Bottle conditioned vs. draught --- yeast

I’ve been researching beer lately but can’t seem to work out a few things - and wondered if you may know…essentially, in my mid-twenties, I developed a really bad kind of allergic or intolerant reaction to beer - sneezing, nose like tap, lasts for hours etc. no sleep. allergic asthma too. It basically made drinking a beer impossible. At the time, I lived in the Netherlands and I was drinking a lot of belgian beers like leffe, hoegaarden, mostly strong beers and weissbeers from germany too. Lately, I’ve been trying to get to the bottom of my allergies (i react to wine also but maybe it’s for a different reason) - and assumed my problem was all beer - then I discovered I might be sensitive to yeast - basically, really filtered beers like lowenbrau and corona, and also thai beers, beer lao etc. (and probably what i used to drink for a few years in like tusker etc.) are fine, but leffe blond,erdinger etc. is like a poison (which is what i go for when i have a choice) . Researching yeast, I read that this is possibly due to bottle conditioning where there is live yeast, and that could actually make sense. So the other day i drank le filou from the tap in a bar - i thought this will make me sneeze because belgian etc. seems similar with leffe - but I had no problem!!! which is great. so does this mean that the tap versions of bottle conditioned beers basically contain less yeast or less live yeast? Apologies for what is likely a basic question, I’d like to understand more and work out how to keep drinking nice belgian beer…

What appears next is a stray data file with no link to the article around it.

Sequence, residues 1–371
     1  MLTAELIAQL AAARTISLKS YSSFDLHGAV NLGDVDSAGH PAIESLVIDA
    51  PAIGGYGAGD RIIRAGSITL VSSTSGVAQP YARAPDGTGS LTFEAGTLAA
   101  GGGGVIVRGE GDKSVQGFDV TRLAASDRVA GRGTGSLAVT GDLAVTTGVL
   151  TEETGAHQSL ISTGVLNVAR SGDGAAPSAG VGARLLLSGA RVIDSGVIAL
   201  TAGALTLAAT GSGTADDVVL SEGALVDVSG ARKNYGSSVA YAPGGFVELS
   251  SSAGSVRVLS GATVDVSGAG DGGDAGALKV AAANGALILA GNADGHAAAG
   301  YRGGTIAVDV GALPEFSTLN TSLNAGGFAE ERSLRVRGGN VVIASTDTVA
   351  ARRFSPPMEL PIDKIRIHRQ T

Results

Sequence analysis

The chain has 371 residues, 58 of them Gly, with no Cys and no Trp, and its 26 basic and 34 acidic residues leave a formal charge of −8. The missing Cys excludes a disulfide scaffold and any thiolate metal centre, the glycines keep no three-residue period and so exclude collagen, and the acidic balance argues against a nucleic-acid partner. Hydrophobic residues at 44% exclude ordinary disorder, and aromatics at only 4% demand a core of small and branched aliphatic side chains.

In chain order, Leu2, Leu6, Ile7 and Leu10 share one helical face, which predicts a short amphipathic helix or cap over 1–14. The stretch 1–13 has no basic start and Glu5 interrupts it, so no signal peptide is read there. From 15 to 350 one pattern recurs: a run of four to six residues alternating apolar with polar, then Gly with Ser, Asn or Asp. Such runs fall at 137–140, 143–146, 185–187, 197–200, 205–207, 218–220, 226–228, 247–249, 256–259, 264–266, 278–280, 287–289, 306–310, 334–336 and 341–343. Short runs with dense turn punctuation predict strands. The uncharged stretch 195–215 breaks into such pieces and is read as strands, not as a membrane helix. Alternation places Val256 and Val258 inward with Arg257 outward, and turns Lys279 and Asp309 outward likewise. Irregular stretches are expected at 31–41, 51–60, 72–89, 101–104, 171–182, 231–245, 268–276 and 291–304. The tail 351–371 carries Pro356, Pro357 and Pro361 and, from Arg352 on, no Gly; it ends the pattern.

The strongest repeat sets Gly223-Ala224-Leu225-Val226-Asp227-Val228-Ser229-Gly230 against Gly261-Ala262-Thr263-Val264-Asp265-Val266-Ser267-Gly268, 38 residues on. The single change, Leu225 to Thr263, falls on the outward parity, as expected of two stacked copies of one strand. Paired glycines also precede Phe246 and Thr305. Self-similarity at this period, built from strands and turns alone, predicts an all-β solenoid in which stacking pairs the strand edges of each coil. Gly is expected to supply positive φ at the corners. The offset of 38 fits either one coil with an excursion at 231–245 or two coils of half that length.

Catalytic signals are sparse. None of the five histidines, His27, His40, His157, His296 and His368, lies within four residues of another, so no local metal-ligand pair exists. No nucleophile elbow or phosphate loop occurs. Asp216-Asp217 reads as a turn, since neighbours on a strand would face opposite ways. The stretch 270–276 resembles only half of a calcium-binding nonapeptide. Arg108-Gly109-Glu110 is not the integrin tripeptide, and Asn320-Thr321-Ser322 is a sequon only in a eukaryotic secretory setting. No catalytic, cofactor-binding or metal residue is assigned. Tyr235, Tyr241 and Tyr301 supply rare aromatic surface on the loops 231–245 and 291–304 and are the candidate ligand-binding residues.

If you can, compare cask versions. A keg is just a big can. The yeast is murdered with carbon dioxide in a keg. Keg/can beer is often thoroughly filtered which can remove lots of bodies. Cask should still have live yeast.

““Most common reactions to beer are specific to types of grains, modified grain proteins, hops, yeast, molds or barleys,” says Dr. Rood. “Sensitivities are also possible to the additives that are present in some beers, including sulphites, sodium benzoate or tartrazine.””

Wine also has sulphites (usually), but see the following about how sulphites may not be the problem -

Thanks! I didn’t know there was even a cask and keg difference in terms of what bars serve so that is helpful. Will try to experiment with cask versions and also canned leffe etc. If a canned leffe doesn’t provoke the same reaction then presumably it could be yeast that is the culprit if that is the main difference?

It’s difficult to work alcohol reactions out…trial and error with no mixing…luckily prosecco,cava,sake,gin etc. are fine!